Say Hello to My Little Friend
If anyone causes one of these little ones — those who believe in Me — to stumble, it would be better for them to have a large millstone hung around their neck and to be drowned in the depths of the sea. — Matthew 18:6
Every older generation thinks the younger ones have it easier. That’s just natural because it’s true. Humanity is good at innovation, and life does get easier in many ways. It doesn’t matter how old you are; just think of how things have changed. It’s possible that my grandchildren will never learn to drive because transportation will be automated. It’s amazing how things change.
When I was a kid there was no internet. If you wanted to know something, you had to go to the library and look it up. There was no social media, email, texting, or messaging. If you wanted to talk to a girl, you had to pass a note through three of her friends. I guess that’s about as gutless as texting now that I think about it. Some things never change.
There was no way to record TV shows either. If you wanted to watch The Wizard of Oz, you had to watch it when it was on, with commercials. It seemed to always be on during Sunday night when my parents made me go to church, so I was an adult before I realized Dorothy was trying to get back to Kansas. (Which still makes no sense to me.)
Back then there were only three or four channels on TV, and you had to use a little book called TV Guide to find out what was on when (that is, if your parents weren’t as cheap as mine and bought you one). And the cartoons were only on Saturday mornings, so you couldn’t sleep in. There were no virtual-reality video games with high-resolution graphics. We had Pong. Look it up.
The world is a different place today and changing every minute. Now try to imagine people from Jesus’ day walking around in the twenty-first century. They would be fascinated by many things. I’m sure technology would be the most surprising. But the sociology would also blow them away. As many social problems as we still have in regard to how we treat each other, people from the first century would marvel at how well we all — races and tribes — get along, seeing the near elimination of slavery and the major strides with regard to equality of women. And they would be absolutely fascinated by the way we treat our children, the care and protection we give.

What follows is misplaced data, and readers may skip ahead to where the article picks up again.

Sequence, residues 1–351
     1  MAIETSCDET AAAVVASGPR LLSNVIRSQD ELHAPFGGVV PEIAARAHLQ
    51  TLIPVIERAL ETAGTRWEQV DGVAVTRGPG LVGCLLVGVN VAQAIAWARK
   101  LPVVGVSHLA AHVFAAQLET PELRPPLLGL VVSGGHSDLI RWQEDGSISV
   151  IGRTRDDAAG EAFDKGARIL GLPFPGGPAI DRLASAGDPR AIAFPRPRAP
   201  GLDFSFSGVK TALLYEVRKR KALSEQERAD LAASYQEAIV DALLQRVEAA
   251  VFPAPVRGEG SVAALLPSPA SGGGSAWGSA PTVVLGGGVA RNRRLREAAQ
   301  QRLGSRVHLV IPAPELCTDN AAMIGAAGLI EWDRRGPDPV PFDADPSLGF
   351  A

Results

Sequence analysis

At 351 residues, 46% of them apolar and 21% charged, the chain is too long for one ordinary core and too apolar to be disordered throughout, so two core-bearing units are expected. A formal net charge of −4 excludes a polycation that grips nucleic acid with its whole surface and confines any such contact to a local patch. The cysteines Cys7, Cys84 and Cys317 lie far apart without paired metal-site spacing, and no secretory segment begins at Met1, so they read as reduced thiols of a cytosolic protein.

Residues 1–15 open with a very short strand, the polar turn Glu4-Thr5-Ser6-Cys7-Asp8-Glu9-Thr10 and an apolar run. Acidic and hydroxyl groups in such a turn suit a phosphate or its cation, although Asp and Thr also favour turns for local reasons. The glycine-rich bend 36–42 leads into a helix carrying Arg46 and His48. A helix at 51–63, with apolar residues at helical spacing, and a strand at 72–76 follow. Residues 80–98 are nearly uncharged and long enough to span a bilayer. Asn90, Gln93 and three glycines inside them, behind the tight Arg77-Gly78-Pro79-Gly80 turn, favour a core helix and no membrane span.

I don’t mean to suggest that people of old didn’t love their children, but they cared for them very differently. It makes me laugh to think about one of those people trying to open a childproof handle or put a child in a car seat. As with technology, we’ve come a long way, even in my lifetime, regarding how we take care of our children. Back in my day we didn’t have nets around the trampoline. We just fell off. Back in my day we didn’t have seat belts. We just slid back and forth on the vinyl, hanging on for dear life. And sometimes I slept in the back window. Okay, I’ll stop.
I don’t know what they’d think about the way we care for children, but I know I’m grateful, because I love children, and so did Jesus. One of the angry incidents of Jesus in the Bible came about when the disciples didn’t value children enough. Mark 10:14 even tells us that Jesus “was indignant” in response to the situation. Indignant means “to have a strong feeling of displeasure and antagonism as the result of some real or supposed wrong — ‘to be very angry, to be full of anger.’”1
Why was Jesus indignant? This situation started days earlier, in another funny story.
The Story Started Days Earlier . . .